POSTED: Friday, September 30, 2011 - 4:29pm
UPDATED: Tuesday, October 4, 2011 - 12:01pm
Las Cruces- The American born terrorist, Anwar al-Awlaki has been killed. It was a missile attack that hit the car Anwar al-Awlaki was travelling in.
Al-Awliki was born in Las Cruces in 1970, the son of an NMSU professor at the time. He left Las Cruces as a boy for Yemen. He returned to the U.S to attend college in Colorado. Al-Awlaki was the terrorist behind several deadly attacks against U.S troops and other American citizens.
On Friday, the city of Las Cruces was reacting to the news of his death.
Christopher Gomez is a 22 year veteran of the United States Army. After being deployed four different times during his career, he knows exactly what our service men and women overseas are feeling about the news that U.S. forces have killed Al-Alaki .
"Your there for a purpose, but when something like this happens, it just gives you a greater sense of accomplishment while you are there,” said Gomez.
Gomez says the fact that Al-Awlaki was born in Las Cruces shouldn't reflect the good nature of the community.
"You can have individuals from this walk of life from everywhere. It’s just not as close to home, but he is gone and it is a great day for America in general,” said Gomez.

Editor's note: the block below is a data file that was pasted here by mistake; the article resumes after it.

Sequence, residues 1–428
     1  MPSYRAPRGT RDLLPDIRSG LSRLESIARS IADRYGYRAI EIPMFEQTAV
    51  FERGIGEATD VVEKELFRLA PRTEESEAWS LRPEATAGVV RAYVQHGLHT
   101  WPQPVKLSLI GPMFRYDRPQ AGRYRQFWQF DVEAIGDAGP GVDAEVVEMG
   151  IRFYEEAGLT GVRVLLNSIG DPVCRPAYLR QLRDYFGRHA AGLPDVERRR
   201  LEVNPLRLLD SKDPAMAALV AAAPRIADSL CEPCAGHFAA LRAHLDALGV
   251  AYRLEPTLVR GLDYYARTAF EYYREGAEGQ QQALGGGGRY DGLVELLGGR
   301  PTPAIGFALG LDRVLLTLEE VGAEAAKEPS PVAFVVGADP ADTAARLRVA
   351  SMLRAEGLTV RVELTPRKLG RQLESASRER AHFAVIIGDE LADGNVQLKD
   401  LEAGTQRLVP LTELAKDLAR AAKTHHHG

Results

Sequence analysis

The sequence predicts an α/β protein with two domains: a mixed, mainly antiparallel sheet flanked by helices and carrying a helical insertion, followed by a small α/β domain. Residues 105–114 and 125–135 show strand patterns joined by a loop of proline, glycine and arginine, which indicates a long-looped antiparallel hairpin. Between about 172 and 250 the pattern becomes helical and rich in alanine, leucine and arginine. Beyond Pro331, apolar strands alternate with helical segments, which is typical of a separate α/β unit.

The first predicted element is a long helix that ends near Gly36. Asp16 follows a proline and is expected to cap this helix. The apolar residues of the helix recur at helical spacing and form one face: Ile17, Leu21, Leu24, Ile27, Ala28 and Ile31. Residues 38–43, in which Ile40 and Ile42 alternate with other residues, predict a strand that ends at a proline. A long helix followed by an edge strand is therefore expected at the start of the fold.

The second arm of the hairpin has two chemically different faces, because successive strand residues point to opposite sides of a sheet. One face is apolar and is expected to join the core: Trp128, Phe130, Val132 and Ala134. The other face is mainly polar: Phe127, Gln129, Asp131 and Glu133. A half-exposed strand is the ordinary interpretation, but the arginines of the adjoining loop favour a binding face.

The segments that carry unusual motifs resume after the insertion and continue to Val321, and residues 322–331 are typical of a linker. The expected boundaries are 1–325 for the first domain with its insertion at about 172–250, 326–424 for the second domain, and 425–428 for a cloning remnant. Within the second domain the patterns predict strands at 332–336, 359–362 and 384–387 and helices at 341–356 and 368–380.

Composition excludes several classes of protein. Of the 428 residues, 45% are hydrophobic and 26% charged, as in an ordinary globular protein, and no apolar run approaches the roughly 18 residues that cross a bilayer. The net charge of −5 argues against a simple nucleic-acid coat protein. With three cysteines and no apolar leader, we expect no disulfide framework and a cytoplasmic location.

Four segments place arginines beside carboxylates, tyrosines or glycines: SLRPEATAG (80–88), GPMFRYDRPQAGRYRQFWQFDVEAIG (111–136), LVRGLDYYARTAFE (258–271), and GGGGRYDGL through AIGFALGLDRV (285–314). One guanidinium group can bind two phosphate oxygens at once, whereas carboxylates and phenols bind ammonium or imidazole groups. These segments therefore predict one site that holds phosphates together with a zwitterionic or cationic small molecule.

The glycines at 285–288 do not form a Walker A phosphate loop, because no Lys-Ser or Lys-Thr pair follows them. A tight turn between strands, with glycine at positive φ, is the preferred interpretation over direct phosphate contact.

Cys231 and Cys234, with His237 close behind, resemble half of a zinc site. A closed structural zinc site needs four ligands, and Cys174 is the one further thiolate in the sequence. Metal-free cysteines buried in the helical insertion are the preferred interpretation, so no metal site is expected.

"I don't think it has anything to do with the town you are from. I think it has to do with the person themselves, and who they are,” said Las cruces resident Lance Moore.
"A lot of people come from different places to go to school here, and people who were raised from around the world, like from china and stuff. I don't think that it is fair that Las Cruces would get their name bad because of one person,” said NMSU student Naomi Samaniego.
Others hope Las Cruces can move on from their most notorious former resident.
"Well now I just believe that Las Cruces can just rest and not don't have to think about these issues anymore,” said Las Cruces resident Manny Crespin.
Gomez says Friday’s strike by the U.S makes him proud to serve.
"It’s definitely a step in the right direction, and hopefully we can continue on this path, and continue to rid the world of this and get our troops home. The sooner the better,” said Gomez.
Al-awlaki's father, the former professor at NMSU, had pleaded with the U.S. State Department to spare his son from an attack. The Al-Quada leader survived a missile attack earlier this year.